Sunday, January 13, 2008

Lieweila - Required viewing!

Whether you’ve lived here all your life, for a few years, or have not yet set foot on the island but intend to arrive soon, you need to watch this DVD.

I hated history in school. I hated reading the big, thick, boring text books while trying to remember dates, and names. Perhaps it was the method of teaching as I’ve now come to realize that I’m a very visual and hands on person. As a kid at least, it never really seemed important to go back and look at how things once were, the past didn’t seem to have much relevance. It is also awfully hard to learn anything when doing the head bob and textbook drool!

Now, as an adult living in an area of the globe that has played such an enormous role, especially when it comes to charting the course of the modern world, I see the importance of the past and it’s effects on daily life here.

As I finished watching Leliewia I couldn’t help but have one thought in mind.

Thank you. Thank you Cinta for telling your story and giving everyone, especially us foreigners, a much better understanding of how things have come to be. Within the Northern Mariana Islands, Saipan at least, has become a melting pot of cultures. Located in the Western Pacific its colonist past and numerous occupying powers have created a living experience unique to none I’ve experienced in all my travels.

As in any multicultural society there will always be differences of opinion and problems as a result. This is especially true in a society that has endured multiple takeovers and an influx of numerous cultures in a relatively short period of time. Compounding the situation here is the relative isolation offered by miles and miles of deep blue sea and the small landmass upon which everyone is asked to inhabit cohesively. Saipan is after all only 5 miles wide by 25 miles long yet nearly 60,000 people call it home at any one time including some who've never ventured off the island.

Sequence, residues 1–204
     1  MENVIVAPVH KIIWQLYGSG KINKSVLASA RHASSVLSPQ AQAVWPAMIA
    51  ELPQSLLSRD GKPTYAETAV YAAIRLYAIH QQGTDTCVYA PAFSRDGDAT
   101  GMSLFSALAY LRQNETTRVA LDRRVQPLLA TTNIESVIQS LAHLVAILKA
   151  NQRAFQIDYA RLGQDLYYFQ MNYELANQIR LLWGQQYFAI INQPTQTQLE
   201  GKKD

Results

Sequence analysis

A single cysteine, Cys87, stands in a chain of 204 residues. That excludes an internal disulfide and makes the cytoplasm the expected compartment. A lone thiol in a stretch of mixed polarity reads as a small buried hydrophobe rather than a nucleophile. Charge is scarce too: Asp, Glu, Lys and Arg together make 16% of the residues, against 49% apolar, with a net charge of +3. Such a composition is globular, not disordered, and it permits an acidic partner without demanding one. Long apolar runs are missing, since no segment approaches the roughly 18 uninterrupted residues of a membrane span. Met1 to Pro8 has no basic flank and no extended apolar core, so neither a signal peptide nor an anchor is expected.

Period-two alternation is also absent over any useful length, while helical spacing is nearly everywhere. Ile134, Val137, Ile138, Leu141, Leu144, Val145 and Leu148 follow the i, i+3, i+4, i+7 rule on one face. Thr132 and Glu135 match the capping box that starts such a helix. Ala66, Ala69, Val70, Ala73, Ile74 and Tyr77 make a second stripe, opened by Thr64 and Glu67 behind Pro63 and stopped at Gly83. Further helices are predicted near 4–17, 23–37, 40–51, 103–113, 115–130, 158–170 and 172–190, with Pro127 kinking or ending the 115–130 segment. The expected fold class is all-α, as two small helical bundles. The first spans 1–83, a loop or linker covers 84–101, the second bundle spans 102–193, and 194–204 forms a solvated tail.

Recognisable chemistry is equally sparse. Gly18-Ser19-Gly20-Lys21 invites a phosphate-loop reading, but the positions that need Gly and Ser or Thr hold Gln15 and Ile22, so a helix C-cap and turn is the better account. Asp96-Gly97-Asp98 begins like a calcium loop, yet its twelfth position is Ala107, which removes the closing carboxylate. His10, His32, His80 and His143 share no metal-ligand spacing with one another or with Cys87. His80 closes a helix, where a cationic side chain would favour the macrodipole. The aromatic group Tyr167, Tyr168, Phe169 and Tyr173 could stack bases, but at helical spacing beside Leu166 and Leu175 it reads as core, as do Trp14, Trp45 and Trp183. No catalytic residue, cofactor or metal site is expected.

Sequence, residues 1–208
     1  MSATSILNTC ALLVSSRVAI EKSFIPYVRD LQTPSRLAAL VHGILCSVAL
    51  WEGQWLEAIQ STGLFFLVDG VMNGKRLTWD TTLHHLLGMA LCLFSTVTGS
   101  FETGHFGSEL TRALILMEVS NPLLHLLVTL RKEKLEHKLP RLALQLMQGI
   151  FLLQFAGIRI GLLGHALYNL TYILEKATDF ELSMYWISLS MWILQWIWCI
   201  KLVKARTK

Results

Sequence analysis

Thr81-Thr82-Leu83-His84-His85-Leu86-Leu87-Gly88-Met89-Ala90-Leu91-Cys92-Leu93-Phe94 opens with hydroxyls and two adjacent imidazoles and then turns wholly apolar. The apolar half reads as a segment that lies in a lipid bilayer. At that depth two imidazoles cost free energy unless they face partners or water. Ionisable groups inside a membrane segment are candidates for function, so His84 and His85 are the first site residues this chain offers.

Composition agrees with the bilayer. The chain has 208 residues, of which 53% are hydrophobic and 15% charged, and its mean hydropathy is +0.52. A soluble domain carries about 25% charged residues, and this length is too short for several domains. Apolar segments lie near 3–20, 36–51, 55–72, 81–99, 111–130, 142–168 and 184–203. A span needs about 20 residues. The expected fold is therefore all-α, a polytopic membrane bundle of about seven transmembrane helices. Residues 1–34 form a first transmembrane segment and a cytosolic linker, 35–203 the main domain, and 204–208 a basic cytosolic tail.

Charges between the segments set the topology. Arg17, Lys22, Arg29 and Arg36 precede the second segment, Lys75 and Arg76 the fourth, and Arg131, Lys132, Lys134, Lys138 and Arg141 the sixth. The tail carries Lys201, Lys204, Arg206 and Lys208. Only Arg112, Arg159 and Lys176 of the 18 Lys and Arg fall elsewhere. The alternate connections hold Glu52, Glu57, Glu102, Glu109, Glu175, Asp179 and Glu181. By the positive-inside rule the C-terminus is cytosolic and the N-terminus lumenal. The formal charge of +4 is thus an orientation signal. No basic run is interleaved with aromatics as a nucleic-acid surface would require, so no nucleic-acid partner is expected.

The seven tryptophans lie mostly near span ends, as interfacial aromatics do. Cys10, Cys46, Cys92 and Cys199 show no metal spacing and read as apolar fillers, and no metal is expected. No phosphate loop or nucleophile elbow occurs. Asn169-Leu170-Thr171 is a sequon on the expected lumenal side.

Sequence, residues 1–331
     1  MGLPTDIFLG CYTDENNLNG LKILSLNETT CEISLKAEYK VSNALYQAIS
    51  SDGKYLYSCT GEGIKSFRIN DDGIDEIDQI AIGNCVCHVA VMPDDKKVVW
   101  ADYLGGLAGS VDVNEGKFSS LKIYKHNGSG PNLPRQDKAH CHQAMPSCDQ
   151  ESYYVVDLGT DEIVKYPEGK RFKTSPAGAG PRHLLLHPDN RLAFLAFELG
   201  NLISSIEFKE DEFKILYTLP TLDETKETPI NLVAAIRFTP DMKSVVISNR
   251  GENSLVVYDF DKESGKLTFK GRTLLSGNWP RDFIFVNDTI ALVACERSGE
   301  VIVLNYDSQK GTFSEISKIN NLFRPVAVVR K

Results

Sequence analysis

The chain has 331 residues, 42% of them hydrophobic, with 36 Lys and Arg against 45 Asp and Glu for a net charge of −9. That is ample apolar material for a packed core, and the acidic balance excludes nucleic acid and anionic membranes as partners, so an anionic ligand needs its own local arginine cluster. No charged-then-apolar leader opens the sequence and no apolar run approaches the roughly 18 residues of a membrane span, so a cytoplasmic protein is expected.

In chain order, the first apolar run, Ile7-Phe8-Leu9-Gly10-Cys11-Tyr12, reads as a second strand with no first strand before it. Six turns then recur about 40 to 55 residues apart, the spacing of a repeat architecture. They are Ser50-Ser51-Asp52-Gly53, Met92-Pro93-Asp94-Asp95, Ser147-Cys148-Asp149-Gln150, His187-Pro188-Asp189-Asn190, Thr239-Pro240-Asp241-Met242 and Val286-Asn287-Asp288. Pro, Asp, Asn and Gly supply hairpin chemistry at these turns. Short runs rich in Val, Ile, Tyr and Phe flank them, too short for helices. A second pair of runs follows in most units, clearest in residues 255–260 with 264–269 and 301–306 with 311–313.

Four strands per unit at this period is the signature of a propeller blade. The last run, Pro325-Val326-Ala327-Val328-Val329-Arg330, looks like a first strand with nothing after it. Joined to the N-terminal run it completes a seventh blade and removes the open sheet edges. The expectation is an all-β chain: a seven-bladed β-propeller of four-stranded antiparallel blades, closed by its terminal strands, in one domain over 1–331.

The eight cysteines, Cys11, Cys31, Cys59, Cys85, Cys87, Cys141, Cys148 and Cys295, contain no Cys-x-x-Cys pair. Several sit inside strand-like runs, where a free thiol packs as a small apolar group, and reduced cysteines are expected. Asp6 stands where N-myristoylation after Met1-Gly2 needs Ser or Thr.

To truly understand the problems faced today I believe it would be wise for everyone who has not yet done so to familiarizing him or herself with the islands past. This is especially true of those who may have, or wish to have, a role in shaping the future of the Commonwealth.

This DVD is a great starting point and provides a succinct historical summary. Although primarily the Carolinian perspective it gives insight into how present issues have deep seeded roots in the past and how devastating and difficult it is to overcome the distrust that accompanies colonization and the imposition of ones beliefs on others.

It also illustrates how important it is to stand up and preserve the indigenous culture despite outside influences. Unfortunately, as the film discusses the loss of pride in ones culture is a sure recipe for its ultimate demise. In my opinion the long-term economic survival of these islands depends heavily on keeping the Carolinian and Chamorro cultures alive. Tourists will always be attracted to something they don’t have at home.

Additional views and thoughts by others here and here. Buy the DVD here.


bigsoxfan said...

The Saipan libarary has a book titled "the Last Navigator" The authors name is ..Thomas, I think Steve Thomas, but not sure. Anyway, the book explores the oral tradition of Pacific Navigation from both the pratical and societal standpoints extremely well.

CNMI Blogger said...

A heartfelt thank you, Mike!